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Start with a Healthy Heart Checkup

Heart disease is sometimes called the "silent killer." This is because many people do not have the obvious symptoms of heart trouble until they are having a real heart attack. Heart disease is the number one cause of death for men and women. There are about 500,000 women who die annually of heart disease.

You do not have to be a statistic for heart disease. If you have any symptoms of heart disease or your doctor is concerned about your cholesterol or blood pressure, don't put off getting the help you need.

Visit Your Doctor

Your regular health care professional can put you in touch with a heart specialist. It is a good idea to consult a specialist because they will be familiar with the symptoms and patterns of all the different heart problems.

The heart specialist will start with a medical profile to find out what your risks are of heart disease. Heart disease can be a general term referring to any problem with the heart. But usually it is referring to coronary arterial disease (CAD). This is the most common condition that affects people. It is also called “coronary artery disease.”

CAD is a chronic disease in which the coronary arteries gradually narrow and harden. Some people experience chest pain and fatigue, but as many as 50% do not have any symptoms. That is why an early checkup with your doctor is so important.

No Symptoms

You might not realize you have this serious condition unless your doctor recognizes your symptoms. It is the most common cause of cardiovascular disease and heart attacks. It seems to develop gradually so early detection and preventive measures can make a huge difference in its development.

The doctor will give you a thorough physical exam and evaluate your coronary risk profile. If needed, he might order diagnostic tests to determine the condition of your arteries before critical problems occur. These tests can include blood tests to measure levels of cholesterol, homocyteine, C-reactive protein, and blood clotting factors. These are some of the factors that put you at risk for coronary disease.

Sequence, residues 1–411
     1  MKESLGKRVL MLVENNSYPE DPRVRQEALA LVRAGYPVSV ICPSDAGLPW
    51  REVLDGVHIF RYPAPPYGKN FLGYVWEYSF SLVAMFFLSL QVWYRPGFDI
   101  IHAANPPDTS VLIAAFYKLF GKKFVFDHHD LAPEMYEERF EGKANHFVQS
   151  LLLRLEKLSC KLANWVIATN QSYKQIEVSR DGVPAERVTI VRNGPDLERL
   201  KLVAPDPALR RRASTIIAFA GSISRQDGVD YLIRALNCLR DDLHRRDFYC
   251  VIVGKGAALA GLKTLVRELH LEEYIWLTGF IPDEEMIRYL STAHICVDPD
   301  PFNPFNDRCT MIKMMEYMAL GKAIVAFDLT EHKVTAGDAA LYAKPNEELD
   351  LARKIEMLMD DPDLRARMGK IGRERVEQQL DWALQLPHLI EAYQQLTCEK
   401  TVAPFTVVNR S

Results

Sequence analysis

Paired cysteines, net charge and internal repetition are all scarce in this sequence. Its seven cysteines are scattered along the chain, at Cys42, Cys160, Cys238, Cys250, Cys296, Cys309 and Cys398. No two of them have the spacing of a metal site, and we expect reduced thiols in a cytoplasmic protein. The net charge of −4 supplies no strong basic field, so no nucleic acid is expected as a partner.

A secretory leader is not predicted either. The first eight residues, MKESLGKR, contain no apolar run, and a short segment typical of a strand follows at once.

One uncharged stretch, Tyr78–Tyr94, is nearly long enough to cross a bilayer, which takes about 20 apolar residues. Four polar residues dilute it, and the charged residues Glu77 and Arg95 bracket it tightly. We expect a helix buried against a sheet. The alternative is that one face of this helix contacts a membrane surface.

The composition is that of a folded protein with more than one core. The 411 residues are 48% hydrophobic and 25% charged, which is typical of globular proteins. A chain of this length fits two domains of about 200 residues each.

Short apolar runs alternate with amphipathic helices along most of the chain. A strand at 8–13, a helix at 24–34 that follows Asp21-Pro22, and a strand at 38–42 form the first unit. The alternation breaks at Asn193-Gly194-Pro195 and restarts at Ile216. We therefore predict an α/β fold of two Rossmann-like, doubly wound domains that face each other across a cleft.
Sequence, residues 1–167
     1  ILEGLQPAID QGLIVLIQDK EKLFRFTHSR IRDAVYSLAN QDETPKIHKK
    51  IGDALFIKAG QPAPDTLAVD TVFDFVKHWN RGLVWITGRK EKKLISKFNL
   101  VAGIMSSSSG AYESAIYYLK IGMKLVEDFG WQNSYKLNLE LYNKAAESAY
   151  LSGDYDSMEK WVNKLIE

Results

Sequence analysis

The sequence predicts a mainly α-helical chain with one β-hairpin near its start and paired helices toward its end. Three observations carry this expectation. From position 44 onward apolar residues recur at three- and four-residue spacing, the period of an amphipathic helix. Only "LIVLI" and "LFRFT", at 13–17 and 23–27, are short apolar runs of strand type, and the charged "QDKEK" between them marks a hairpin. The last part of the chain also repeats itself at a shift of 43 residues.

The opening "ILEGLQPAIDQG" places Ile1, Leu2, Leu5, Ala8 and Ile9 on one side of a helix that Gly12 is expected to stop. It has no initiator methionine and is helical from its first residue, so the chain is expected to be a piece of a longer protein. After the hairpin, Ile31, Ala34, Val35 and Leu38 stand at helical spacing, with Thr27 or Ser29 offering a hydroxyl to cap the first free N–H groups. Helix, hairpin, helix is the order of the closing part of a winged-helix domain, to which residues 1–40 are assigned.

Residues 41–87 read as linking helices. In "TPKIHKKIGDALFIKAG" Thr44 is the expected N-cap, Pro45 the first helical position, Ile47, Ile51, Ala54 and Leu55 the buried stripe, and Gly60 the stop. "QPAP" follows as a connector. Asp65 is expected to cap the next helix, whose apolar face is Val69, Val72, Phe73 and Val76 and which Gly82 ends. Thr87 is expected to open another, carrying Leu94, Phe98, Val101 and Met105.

Tests to Determine Your Risk

There are other tests that your doctor might order to assess the condition of your heart. The EKG is a highly sensitive machine that detects irregularities and damage to your heart. The exercise stress test is commonly used to monitor your heart's reaction under controlled exercise.

An echo cardiogram is used to study the condition of your heart valves, looking for leaking or narrowing valves. An angioplasty may be used if any of the other tests are abnormal. It involves inserting a catheter and dye into a major blood vessel. This shows the doctor the exact number and position of any blockages in your coronary arteries.

Questions to Ask

If your doctor determines that you have a risk of serious coronary disease, he will recommend the appropriate treatments or preventive measures. To help you better understand and treat your condition, you should ask your doctor some questions. First, make sure you understand your diagnosis. Find out what treatments he recommends and what side affects are to be expected.

You can ask your doctor if there are any alternative treatments for your condition. Ask if there are any over the counter medications you should avoid or if any of your other medicines could interfere with your heart medication. Ask your doctor's advice on lifestyle changes that could alter the course of your disease. Inquire if you should exercise or avoid certain activities because of your condition. Find out if you need to be on a specific diet or avoid some types of foods. If you smoke, find out how this will affect your situation.

Don't Delay Your Checkup

If you are in a high-risk group, such as elderly, obese, smokers, or have a family history of heart disease, make sure you take precautions to prevent heart disease. If you have already had symptoms of coronary problems, visit your doctor and begin a program to correct or lessen the affects of the disease. You can live a long healthy life by taking care of your heart before it becomes permanently damaged.

« Heart Attack Symptoms, Diagnosis and Treatment | Home | Heart Health Guide - Learn How To Prevent Heart Disease »

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